Doctors, who see firsthand the need for advance directives, are more likely to have a living will

A patient in a hospital bed on a ventilator
Doctors often see the consequence to patients who don't have an advance care directives. (Image: Getty/sudok1)

Like most doctors, Linda Girgis has seen firsthand why advance directives are so important.

She recalls working as a resident when a terminally ill patient coded. Without a written directive expressing the patient's wishes, doctors had no choice but to run a full code to revive the patient and place her on a ventilator, Girgis, a family physician in South River, New Jersey, told FierceHealthcare in an interview.

LInda Girgis
Linda Girgis, M.D. (Linda Girgis)

“There was really little chance she would ever be able to get off the ventilator," Girgis says. "She died a week later.” 

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Experiences like that may be why the majority of U.S. doctors (59%) have a living will. In contrast, about one-third of U.S. adults have an advance directive, according to a 2017 Health Affairs study.

RELATED: 2 out of 3 adults fail to complete an advance directive

Sermo, a social network for physicians, recently polled more than 2,000 doctors from around the world to see how many of them have advance care planning in place. Globally, 45% of physicians said they had a living will. 

An advance directive, which often includes a living will, is made to ensure a patient’s wishes regarding medical treatment are carried out should the person be unable to communicate them to a doctor.

“We have all seen end-of-life cases and know what happens when advance directives are not in place. I think people outside of medicine don't think about it so much because they are outside of it and often don't face it until there is an urgency to it,” Girgis says.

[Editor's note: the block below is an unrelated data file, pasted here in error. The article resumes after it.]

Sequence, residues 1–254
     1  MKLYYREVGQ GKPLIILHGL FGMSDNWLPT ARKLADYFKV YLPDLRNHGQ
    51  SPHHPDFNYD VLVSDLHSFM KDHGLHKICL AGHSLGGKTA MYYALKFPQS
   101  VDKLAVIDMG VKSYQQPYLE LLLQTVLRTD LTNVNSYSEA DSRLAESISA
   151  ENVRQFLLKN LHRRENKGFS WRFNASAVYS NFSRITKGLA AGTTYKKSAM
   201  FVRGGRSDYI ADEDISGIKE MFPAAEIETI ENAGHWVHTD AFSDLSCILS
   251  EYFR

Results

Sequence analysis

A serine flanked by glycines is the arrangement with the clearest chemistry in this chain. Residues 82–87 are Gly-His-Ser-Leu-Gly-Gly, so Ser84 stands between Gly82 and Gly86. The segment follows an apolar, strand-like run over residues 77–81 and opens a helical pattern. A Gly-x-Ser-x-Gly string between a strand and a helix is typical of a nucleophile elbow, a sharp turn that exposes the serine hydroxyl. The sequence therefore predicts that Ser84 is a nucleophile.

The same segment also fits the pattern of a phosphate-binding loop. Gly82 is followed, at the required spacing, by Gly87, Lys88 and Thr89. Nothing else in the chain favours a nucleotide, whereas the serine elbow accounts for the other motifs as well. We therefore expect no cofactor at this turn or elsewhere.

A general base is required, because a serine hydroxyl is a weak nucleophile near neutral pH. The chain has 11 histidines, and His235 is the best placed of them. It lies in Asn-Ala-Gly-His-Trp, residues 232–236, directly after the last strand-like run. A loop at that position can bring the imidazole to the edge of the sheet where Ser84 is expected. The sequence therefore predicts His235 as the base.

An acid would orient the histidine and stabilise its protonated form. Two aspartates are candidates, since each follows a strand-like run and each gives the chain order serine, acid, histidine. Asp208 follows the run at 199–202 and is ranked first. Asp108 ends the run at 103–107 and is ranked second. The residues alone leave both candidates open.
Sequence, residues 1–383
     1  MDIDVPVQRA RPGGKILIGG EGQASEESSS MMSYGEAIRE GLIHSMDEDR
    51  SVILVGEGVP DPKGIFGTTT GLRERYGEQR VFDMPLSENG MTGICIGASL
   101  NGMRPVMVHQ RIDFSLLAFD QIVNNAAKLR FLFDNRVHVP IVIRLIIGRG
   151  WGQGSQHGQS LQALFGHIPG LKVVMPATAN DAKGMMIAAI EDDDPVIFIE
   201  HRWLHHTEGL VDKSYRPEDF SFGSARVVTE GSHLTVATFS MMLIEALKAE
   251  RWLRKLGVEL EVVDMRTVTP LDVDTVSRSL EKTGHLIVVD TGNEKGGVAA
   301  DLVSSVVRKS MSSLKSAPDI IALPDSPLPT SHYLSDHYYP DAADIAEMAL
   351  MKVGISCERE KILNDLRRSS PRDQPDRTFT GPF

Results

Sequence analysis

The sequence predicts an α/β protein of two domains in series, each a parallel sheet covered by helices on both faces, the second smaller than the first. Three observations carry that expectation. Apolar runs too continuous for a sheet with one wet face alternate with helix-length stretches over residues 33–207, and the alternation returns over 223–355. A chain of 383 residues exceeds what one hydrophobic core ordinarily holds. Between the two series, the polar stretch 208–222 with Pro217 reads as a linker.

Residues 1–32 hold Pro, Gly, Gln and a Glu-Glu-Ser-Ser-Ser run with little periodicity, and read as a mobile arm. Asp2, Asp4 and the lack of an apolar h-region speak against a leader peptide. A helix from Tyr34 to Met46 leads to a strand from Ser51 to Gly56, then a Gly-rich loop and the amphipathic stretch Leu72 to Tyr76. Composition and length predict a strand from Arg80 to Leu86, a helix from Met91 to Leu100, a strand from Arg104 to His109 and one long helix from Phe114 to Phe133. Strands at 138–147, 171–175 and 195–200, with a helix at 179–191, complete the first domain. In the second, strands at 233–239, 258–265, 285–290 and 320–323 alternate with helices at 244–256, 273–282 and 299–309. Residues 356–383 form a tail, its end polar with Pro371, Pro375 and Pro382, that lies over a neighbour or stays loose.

RELATED: Doctors receive training to openly discuss death and dying with patients

Doctors are witness to what happens to terminally ill patients who don't have a living will and have no one to make decisions for them, she adds.

Some patients end up on ventilators with no hope for any meaningful life, an action that just protracts the inevitable. Like others, Girgis says she doesn’t want to end up in that position.

RELATED: New guidance can help doctors talk to patients about end-of-life care

“I also don't want to have to put my family in that position where they have to make hard decisions,” she says.

In the Health Affairs study, the authors said the healthcare industry needs to address common barriers that keep patients from completing the documents. But for many doctors talking to patients about death and dying isn’t so easy.

RELATED: Doctors receive training to openly discuss death and dying with patients

“The best time to have the discussion is before it is an emergency,” Girgis says. In her practice, doctors ask patients about advance directives on intake forms and at every annual physical.

“Patients then see it as a routine question,” she says. If doctors wait to talk to patients when they are critically ill, they will often think they are dying and it becomes a very difficult subject. “It is always easier to have that discussion as part of a routine office visit than when the patient is crashing in the ICU,” she says.